INDIANAPOLIS (AP) — Lance Stephenson shook his head in disbelief. All-Star starter Paul George repeatedly urged his Indiana teammates to get going, and All-Star center Roy Hibbert sat speechless on the bench during the final 30 minutes on the game.
This wasn’t just another bad loss for the Pacers. It was another chapter in their shocking collapse as the regular season comes to a close.
“I don’t think it’s acceptable for any of us in our organization to play the way we played tonight and we’re just going to get back to work to fix it, to get back on track,” coach Frank Vogel said following Atlanta’s 107-88 rout Sunday night in Indy.
The Pacers missed their first seven shots and scored a franchise-low 23 points in the first half when they went 7 of 35 from the field. The league’s No. 1 defense gave up 55 points and seven 3-pointers in two quarters.
This has been a problem since the All-Star break, with the Pacers allowing a mediocre 95.8 points per game and putting up the lowest scoring average of any team in the league last month. The Pacers are 20-17 since Jan. 24 and 7-12 on the road. Even their once invincible home-court edge doesn’t look so imposing after losing to San Antonio by 26 points and Atlanta by 19.
Are the Pacers in a free fall? They look listless at times, sure, but San Antonio coach Gregg Popovich noted that all teams go through these sorts of struggles during the season. Spurs guard Tony Parker said he still expects Indiana and Miami to meet in the Eastern Conference finals.
But there’s no doubt this is not the same team that started 17-2, was 33-8 at the midway point and made two February moves — signing free agent Andrew Bynum and sending injury-prone Danny Granger to Philadelphia in a trade deadline deal for Evan Turner — that made it clear the Pacers thought they could dethrone two-time defending NBA champion Miami.
After losing for the fifth time in six games, the Pacers are now one game behind Miami in the Eastern Conference standings.
Vogel benched Hibbert for the final 2½ quarters Sunday because he thought Hibbert looked fatigued. Vogel noted afterward that his entire starting lineup looked tired, though he played George and David West deep into the fourth quarter. Hibbert did not take questions after the game.
There has been speculation about a growing rift between the Pacers’ young coach and their star center, who has publicly complained about “selfish dudes” and suggested the Pacers needed “group therapy.”
Teammates deny there are any problems between the two.
“Roy will settle down,” West said when asked how Hibbert responded to the benching. “He’s down on himself because he felt like he could have helped us, but coach made a decision. Coach has to make some tough decisions sometimes, and it was to get him some rest. … Coach made the right choice.”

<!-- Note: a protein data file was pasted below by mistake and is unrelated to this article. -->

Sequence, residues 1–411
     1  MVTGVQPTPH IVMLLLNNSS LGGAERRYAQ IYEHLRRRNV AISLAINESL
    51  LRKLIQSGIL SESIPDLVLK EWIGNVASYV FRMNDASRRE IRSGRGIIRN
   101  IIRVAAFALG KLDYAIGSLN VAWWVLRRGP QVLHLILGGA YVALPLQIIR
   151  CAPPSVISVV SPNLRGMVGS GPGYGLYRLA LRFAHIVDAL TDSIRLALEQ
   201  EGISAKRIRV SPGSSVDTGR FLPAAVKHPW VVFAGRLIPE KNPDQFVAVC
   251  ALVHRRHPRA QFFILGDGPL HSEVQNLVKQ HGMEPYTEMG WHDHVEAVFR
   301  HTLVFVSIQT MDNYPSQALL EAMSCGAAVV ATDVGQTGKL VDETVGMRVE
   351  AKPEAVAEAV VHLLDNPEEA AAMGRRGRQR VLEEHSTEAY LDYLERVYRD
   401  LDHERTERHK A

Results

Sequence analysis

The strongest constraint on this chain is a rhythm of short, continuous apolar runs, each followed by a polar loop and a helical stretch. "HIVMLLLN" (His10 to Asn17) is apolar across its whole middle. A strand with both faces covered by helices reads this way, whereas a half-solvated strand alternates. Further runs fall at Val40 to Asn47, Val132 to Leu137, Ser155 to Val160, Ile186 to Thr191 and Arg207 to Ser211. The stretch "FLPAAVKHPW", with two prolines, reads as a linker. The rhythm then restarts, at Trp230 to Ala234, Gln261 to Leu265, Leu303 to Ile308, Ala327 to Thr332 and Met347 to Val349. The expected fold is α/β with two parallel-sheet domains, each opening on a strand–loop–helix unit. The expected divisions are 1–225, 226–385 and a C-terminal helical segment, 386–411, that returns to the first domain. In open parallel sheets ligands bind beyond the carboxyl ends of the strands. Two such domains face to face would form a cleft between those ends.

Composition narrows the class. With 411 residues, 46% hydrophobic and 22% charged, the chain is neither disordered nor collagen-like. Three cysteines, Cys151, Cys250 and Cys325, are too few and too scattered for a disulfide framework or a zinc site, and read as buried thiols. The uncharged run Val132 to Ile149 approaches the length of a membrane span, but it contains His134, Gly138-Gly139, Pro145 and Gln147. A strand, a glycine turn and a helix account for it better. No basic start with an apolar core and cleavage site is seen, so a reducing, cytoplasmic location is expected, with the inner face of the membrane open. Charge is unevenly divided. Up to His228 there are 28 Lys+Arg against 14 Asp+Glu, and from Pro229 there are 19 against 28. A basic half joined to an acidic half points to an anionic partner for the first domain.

There have also been questions about Stephenson’s body language and his untimely ejection in the March 26 win over Miami and whether the Pacers’ struggles can be blamed on a young team wilting in the spotlight.
What can the Pacers do to fix all these problems before the playoffs start?
“For one, we just can’t panic. I mean we can’t panic. We’ve just got to be loose about it,” George said. “We’re just putting too much pressure where it doesn’t need to be brought. We just got to do what we do. We’re in a great position right now.”
At 53-25, Indiana has clinched its second straight Central Division title, still has the NBA’s best home record (34-6) and trails Miami by just one game in the East.
Before the season, fans would have applauded that resume. On Sunday, they booed.
“It’s understandable. You know we scored 23 points in the first half. That’s unacceptable and we know that,” George said, referring to the worst first-half point total in franchise history. “But I don’t think we deserve to be booed. You know, all that we’ve done this year. I definitely thought it was uncalled for.”
They have four regular-season games remaining, including a Friday night showdown at Miami.
“We’re playing good basketball, we’re sharing the ball. We’re taking the shots that we’re supposed to, they’re just not falling right now,” a clearly frustrated Stephenson said. “We’ve just got to keep playing good basketball. The basketball gods will take care of everything.”